Citywide Initiative Targets Chronic Pain

July 2010

By Doug Brunk
Elsevier Global Medical News

0710 Chronic Pain
Dr. Thomas D. Meyer has launched a program aimed at reducing repeat ED visits by chronic pain patients at three Madison, Wisc., hospitals.

An initiative launched by a Wisconsin emergency physician could become an effective prescription for curbing repeat visits to the emergency department by patients with chronic pain.

The project is known as the Madison Citywide ED Chronic Pain Quality Improvement Initiative. Patients who visit the ED in one of the city's three major hospitals more than 10 times per year with chronic pain as their chief complaint receive a letter stating that they can no longer receive narcotics in the ED. The patient's primary care physician then receives a copy of the letter, the intent of which is to open a dialogue about optimal pain management.

"When I initially did this, I was fairly apprehensive, because I was thinking the primary care doctors would be upset that I was dumping all these patients back on them," said Dr. Thomas D. Meyer, an emergency physician at the University of Wisconsin Hospital and Clinics in Madison. "But almost universally I got support, because what I was doing was contributing to their ability to establish consistent pain management guidelines for their patients."

Standard emergency medicine textbooks, as well as guidelines from the American Academy of Pain Management, state that opioid treatment of chronic pain "should only be used if it enhances a patient's ability to function in society, with family, or at work," Dr. Meyer said. "Escalating that dose, obtaining prescriptions from multiple providers, and requesting refills for lost pills are all signs that they really should have their pain contract reassessed.

"I'm not saying these patients shouldn't have opioids--I think some people actually function better with opioids to manage their pain," he added. "But they need a consistent and controlled approach."

In a pilot study of the initiative carried out on 15 patients who averaged 19 visits per year to the ED for complaints related to chronic pain, the number of visits dropped to just 2 per year in the subsequent year (Am. J. Emerg. Med. 2007;25:445-9). Visits with primary care physicians also dropped from an average of 19 visits per year to 7 visits.

Before he launched the pilot study, Dr. Meyer struggled to get buy-in from some of his physician colleagues. Ultimately, he and his associates selected a target population of patients with chronic, noncancer, non-sickle cell pain who had been in the ED more than 10 times in the past year. The patients also had to have primary care doctors who could manage the patients' pain.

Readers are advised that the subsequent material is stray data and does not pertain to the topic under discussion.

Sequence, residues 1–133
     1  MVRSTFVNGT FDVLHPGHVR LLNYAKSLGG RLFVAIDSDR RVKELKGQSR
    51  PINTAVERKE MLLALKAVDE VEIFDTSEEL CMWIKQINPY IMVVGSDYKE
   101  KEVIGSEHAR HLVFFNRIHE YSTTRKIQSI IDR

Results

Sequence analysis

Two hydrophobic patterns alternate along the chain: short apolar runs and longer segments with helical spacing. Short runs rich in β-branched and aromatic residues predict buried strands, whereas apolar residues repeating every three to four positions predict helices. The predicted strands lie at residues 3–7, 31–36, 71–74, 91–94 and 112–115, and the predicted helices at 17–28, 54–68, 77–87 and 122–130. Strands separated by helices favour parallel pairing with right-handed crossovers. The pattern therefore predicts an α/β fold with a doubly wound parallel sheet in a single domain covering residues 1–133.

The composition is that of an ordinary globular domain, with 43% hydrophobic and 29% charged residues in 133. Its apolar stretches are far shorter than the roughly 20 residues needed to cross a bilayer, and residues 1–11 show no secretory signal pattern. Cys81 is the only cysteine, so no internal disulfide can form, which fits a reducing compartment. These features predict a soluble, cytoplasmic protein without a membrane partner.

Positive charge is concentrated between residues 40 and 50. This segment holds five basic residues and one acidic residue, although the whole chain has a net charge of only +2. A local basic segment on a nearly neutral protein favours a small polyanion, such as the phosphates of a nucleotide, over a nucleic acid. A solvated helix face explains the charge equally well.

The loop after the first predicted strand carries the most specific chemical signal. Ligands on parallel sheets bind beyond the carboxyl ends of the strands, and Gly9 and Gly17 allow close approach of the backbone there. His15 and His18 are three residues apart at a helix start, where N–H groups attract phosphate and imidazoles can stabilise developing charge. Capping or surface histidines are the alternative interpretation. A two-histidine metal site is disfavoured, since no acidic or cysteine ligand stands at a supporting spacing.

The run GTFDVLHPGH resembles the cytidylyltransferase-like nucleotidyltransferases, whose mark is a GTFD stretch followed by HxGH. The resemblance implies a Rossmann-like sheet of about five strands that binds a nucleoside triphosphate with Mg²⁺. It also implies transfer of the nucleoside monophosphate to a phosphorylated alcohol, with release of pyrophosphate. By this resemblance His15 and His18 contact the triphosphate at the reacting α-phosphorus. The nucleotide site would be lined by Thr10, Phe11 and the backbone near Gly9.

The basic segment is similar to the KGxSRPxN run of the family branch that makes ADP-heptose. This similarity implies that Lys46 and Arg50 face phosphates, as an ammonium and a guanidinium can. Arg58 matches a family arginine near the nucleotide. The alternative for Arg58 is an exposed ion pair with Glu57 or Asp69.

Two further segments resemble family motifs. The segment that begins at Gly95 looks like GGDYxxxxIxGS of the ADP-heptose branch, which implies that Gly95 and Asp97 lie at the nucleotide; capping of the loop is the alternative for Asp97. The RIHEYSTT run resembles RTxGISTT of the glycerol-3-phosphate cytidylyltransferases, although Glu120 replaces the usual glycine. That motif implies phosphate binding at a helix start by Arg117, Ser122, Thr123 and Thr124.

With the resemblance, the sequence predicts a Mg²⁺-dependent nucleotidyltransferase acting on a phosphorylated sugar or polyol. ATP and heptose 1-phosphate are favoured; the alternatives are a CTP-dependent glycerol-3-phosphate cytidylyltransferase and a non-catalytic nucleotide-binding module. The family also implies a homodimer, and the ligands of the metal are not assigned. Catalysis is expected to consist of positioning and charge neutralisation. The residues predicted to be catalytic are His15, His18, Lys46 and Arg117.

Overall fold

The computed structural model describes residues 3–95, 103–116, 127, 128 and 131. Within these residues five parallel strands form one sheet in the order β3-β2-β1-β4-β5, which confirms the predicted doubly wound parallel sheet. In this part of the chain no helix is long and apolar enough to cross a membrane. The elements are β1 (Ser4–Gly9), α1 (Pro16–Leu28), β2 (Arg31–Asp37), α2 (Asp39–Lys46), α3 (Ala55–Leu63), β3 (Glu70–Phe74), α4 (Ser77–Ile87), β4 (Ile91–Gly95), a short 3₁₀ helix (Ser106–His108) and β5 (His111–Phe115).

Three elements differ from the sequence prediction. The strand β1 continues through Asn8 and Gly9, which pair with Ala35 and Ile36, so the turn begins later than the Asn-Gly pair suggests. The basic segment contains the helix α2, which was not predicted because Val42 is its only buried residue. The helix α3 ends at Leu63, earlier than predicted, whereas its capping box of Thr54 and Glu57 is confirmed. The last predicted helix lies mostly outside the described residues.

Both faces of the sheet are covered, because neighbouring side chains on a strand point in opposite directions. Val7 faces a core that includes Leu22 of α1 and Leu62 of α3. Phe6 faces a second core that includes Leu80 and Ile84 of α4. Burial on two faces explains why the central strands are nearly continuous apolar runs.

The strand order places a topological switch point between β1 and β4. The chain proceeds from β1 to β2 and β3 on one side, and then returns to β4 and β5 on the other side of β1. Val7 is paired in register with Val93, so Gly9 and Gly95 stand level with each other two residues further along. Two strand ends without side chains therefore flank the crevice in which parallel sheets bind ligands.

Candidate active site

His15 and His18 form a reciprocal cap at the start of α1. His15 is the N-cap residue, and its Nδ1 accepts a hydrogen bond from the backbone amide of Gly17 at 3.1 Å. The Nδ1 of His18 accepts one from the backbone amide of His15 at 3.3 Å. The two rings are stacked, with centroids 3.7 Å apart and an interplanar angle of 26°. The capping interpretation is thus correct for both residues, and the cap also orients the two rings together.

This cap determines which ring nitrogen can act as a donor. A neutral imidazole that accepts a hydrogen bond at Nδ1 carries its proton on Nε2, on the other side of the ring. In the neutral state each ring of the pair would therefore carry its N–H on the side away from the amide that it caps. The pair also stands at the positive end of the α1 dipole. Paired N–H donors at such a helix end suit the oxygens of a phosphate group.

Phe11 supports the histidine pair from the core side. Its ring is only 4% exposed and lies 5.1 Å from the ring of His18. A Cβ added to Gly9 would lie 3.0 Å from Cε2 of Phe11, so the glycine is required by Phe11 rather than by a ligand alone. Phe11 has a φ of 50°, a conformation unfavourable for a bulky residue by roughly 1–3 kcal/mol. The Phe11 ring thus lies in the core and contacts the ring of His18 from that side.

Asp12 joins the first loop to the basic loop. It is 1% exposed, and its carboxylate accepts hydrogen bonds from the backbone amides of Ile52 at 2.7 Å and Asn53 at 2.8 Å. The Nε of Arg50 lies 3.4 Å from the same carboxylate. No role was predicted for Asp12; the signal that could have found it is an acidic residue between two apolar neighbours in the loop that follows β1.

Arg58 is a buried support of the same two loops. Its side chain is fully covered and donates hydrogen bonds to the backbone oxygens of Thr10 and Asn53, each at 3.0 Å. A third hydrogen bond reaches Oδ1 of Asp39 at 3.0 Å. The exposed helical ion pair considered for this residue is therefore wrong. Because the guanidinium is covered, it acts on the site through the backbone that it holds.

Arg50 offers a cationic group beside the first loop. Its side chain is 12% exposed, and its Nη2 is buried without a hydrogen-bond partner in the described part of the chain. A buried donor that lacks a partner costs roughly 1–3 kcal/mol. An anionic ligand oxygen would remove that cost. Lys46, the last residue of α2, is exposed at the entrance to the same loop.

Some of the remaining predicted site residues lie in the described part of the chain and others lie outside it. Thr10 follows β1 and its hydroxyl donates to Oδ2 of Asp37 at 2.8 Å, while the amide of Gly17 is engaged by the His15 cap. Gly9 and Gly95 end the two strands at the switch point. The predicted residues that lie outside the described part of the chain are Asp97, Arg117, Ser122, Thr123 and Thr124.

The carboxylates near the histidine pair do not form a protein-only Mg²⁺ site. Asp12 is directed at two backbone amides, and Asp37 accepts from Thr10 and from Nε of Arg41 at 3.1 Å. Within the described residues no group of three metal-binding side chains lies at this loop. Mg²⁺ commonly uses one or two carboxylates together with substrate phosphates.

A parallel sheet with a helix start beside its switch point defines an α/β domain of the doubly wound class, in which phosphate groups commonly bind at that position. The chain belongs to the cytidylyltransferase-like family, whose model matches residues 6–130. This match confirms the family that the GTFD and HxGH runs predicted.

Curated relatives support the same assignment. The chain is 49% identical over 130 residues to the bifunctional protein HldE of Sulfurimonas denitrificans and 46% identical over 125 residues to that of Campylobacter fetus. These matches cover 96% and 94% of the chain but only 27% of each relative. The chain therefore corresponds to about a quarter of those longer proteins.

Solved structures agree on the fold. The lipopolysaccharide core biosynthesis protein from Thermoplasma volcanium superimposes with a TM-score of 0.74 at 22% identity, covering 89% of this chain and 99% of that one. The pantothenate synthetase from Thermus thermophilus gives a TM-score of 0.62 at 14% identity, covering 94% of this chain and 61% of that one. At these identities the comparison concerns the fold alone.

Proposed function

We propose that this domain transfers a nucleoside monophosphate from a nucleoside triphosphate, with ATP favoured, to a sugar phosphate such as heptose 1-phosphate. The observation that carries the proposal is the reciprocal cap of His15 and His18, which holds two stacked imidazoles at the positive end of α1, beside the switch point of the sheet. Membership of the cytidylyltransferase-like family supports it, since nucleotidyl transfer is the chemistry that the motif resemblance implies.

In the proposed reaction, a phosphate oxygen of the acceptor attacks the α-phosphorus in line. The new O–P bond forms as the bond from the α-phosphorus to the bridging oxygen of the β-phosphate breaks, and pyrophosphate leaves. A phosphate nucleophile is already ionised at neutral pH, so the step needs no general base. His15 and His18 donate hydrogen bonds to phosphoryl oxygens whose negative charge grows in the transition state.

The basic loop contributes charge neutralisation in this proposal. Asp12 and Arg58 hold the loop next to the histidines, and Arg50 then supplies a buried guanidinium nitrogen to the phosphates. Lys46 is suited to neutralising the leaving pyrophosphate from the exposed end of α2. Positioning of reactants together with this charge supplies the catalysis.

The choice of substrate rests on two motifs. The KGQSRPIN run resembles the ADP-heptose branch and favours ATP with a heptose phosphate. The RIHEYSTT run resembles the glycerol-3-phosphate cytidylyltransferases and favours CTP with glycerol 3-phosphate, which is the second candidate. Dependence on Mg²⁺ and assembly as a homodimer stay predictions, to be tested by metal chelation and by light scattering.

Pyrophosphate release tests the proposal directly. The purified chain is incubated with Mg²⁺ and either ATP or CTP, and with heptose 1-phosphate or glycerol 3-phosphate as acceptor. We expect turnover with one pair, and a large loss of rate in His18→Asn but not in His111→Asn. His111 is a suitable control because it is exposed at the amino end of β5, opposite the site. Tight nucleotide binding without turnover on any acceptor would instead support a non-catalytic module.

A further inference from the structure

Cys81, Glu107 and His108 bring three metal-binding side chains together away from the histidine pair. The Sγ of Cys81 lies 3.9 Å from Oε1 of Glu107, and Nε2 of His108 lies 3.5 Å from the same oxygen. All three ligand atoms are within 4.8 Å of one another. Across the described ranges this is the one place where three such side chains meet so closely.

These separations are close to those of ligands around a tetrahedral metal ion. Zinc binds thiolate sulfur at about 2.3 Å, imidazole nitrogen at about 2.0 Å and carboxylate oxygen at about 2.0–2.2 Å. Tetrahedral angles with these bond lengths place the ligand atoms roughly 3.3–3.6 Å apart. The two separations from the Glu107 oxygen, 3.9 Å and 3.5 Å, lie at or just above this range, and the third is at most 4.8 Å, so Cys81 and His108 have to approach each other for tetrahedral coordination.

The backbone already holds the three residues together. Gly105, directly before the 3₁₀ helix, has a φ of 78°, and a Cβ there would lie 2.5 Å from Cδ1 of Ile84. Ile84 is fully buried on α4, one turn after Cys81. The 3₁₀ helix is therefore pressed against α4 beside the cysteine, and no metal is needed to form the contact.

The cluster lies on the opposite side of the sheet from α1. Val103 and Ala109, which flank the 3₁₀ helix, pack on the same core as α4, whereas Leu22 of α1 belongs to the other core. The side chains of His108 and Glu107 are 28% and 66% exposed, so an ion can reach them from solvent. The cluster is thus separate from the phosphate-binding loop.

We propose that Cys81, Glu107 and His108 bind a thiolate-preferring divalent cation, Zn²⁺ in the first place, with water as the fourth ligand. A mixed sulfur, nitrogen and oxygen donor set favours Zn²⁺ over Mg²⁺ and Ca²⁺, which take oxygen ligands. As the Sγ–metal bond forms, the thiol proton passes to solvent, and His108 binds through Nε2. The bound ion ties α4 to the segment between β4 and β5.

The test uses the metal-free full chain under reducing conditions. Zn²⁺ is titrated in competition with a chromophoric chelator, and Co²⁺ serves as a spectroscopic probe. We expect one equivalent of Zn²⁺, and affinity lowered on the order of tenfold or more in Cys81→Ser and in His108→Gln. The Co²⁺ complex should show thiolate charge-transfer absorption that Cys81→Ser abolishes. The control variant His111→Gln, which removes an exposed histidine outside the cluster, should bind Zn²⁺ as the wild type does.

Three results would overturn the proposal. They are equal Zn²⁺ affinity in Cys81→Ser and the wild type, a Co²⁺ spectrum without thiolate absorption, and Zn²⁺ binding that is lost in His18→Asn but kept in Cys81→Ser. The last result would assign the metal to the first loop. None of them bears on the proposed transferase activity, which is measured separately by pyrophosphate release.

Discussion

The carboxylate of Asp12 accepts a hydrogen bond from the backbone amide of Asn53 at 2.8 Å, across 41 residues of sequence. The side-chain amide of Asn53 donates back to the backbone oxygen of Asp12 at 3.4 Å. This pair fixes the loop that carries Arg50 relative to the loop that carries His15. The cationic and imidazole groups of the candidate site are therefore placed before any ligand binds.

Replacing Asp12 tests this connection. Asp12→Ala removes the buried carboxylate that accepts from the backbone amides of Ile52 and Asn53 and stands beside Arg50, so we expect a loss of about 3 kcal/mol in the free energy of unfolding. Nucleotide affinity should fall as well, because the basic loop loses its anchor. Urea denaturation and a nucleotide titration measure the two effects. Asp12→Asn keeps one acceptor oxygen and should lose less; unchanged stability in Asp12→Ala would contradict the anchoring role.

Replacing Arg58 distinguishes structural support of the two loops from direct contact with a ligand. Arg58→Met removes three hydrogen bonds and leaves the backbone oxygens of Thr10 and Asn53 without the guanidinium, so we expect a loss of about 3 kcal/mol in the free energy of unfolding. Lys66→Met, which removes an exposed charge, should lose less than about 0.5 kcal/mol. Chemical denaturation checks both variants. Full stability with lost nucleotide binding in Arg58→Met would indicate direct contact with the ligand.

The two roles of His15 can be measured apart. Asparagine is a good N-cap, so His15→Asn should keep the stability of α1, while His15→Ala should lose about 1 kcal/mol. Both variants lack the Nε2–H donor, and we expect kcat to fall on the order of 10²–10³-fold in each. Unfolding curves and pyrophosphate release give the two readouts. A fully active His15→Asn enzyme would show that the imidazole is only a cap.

Shortly after the pilot study, Dr. Meyer learned that increasing numbers of patients were visiting the EDs of other area hospitals for pain-related complaints. So, he met with leaders of the EDs in Madison's two other major hospitals--Meriter Hospital and St. Mary's Hospital--to propose expansion of the initiative.

In early 2009, the leaders of all three hospitals agreed on a single letter that would be sent to chronic pain patients who frequently visited the ED, as well as a single set of criteria for deciding when patients should receive the letter. "The only downside of this is that, after we launched the initiative, we didn't keep communicating with each other as much as we should have," Dr. Meyer said.

In light of HIPAA restrictions, "we initially found that communicating patient selection between hospitals was problematic," he said. Recently, the hospitals began using the same electronic medical records system. That enabled Dr. Meyer and his colleagues at the other two hospitals to begin beta-testing software that allows them to share medical records after initial patient consent. "As a result, communication efforts have improved significantly," he said.

Dr. Meyer noted that his visits with chronic pain patients who frequent the ED are more productive if they have received the letter. "When we don't get into arguments about long-term management of their pain, we can focus on present symptoms and findings, and make non-opioid recommendations for care," he said.

Further expansion of the initiative in the Madison area will be limited until there are improvements in software design, Dr. Meyer said. In the meantime, interest in the program outside Madison appears to be on the upswing; he has fielded phone calls and e-mail messages from ED medical directors in five states who are interested in establishing a similar project in their practice settings.

Some patients have complained about the initiative, Dr. Meyer admitted. "But on the whole, it looks like more of them are creating pain management contracts with their personal physicians."

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